I read a blog post recently that began “suppose you have a trading system that works well on low-volatility days…” and I thought, hmm. Is that a thing? Is there an edge to low-volatility days vs high volatility days? Let’s turn this blog post into a speculator’s version of Dude, What Would Happen?
• SPY, baby! From 2000 through 02/16/16.
• A low volatility day is defined as a less-than-1% change (up or down) from the previous close to the current close. A high volatility day is greater than 1%. Presumably, days that move exactly 1% to the umpteenth digit are falling through the cracks. Call me lazy.
• Gain/loss is recorded from the current close to the close of the following day. This would be a long-only system. This is unicorn-and-rainbowland so there are no commissions or fees of any sort.
That’s it! Not a trading system. Just a filtering system. Let’s take a look:
Those are the graphs for all low-volatility days as defined above. There’s a positive expectation but only just. Most of the time any system built around this would have been underwater. In fact, this looks suspiciously like a buy-and-hold curve from the same period. No thanks!
Well now that’s interesting. The cumulative equity graph for high-volatility days spends most of its time above zero. That’s ALWAYS a plus in my book (hah, I just made a math pun there…). This curve looks great, except for a couple of times where it looks really awful. But still, better than the low-volatility days.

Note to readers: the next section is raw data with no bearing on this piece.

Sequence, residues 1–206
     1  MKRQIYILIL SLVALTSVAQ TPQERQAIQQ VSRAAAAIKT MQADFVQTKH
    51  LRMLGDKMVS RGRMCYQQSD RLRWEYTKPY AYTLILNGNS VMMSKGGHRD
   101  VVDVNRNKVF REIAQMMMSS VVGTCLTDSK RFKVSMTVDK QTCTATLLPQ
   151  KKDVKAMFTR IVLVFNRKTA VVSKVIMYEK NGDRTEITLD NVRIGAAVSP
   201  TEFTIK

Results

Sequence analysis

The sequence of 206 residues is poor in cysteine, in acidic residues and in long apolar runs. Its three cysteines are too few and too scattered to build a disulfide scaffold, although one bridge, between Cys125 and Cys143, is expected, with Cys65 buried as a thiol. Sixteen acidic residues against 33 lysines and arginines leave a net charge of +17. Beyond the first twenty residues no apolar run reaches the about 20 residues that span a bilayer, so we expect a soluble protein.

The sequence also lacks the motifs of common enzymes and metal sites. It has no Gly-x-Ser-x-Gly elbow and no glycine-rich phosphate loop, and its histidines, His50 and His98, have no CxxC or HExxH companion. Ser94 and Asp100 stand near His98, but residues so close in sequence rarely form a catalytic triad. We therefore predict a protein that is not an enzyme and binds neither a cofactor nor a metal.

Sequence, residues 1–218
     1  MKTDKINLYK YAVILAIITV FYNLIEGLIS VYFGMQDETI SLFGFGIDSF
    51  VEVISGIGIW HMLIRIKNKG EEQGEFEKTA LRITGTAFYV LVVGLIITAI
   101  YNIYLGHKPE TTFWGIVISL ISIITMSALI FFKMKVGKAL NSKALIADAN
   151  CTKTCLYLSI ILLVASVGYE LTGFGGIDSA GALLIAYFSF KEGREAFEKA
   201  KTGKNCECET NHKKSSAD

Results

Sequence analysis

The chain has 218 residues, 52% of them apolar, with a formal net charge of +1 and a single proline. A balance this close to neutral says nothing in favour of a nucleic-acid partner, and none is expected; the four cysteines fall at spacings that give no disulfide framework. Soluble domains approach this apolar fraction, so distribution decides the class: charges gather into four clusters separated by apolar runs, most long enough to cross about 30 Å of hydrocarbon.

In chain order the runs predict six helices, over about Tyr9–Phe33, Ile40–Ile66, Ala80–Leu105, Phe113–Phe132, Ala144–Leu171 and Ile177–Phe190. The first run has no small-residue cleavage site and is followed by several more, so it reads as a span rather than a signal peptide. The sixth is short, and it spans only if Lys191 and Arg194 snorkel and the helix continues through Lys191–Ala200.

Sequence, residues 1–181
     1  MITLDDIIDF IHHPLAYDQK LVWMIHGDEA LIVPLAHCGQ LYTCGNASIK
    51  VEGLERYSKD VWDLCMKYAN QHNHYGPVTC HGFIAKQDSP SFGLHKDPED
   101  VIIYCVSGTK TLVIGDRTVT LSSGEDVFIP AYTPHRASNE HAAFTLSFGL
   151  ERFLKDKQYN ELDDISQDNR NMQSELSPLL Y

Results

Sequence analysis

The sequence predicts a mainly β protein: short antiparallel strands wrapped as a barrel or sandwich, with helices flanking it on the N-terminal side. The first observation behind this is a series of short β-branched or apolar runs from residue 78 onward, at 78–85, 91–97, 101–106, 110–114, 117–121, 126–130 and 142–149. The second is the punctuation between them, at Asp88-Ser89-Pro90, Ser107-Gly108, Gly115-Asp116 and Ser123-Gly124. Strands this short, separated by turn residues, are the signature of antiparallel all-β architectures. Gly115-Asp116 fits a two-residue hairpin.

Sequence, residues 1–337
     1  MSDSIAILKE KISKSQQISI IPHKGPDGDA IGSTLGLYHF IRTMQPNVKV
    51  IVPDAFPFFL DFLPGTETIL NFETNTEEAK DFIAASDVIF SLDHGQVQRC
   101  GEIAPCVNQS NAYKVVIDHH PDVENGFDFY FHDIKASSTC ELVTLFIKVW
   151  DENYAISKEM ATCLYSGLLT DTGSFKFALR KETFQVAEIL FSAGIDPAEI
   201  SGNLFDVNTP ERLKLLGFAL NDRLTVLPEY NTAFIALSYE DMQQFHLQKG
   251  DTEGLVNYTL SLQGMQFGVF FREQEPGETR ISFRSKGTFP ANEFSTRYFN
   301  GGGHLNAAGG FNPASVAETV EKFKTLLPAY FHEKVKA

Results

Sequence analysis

Right, there we have it. Only trade on days when there’s been a lot of movement in the market, and hope for the best.
What if we divided up these low- or high-volatility days into up or down days? Up is when the close is above yesterday’s close (rocket science!) and down is…ok please don’t make me actually spell it out for you.
Low-volatility up-day trading looks like garbage.
Low-volatility down day trading is less sucky but still sucky. Ok now on to high volatility days:
Wow! Yikes! It would almost be a good short-selling idea, except most of the gains (or losses, in the above graph) happened around 2008-2009.We certainly can’t spend our days wishing for the Crash of 2008 again.
Ooh! Now we’re getting somewhere! (Isn’t it weird how the good results always seem to appear at the end of my blog posts?) Trading on high-volatility down days shows a much more consistent equity curve. Drawdowns are less severe, and the differences between bull and bear markets are much less pronounced compared to the other systems. This system does tend to stall out during bull markets compared to more turbulent times, but it’s still kind of impressive.
guaranteed can’t lose trading systems exploratory ideas don’t all trade with the same frequency. The high-volatility-down-days system trades much less than the all-low-volatility-days system. We should be careful comparing them directly. However, a quick and easy way to compare them is to calculate the average gain/loss per day. That equalizes systems with different trading frequencies. Here’s a graph:
Which I guess just proves that the market is highly mean-reverting in the short term, and highly up-trending in the very long term.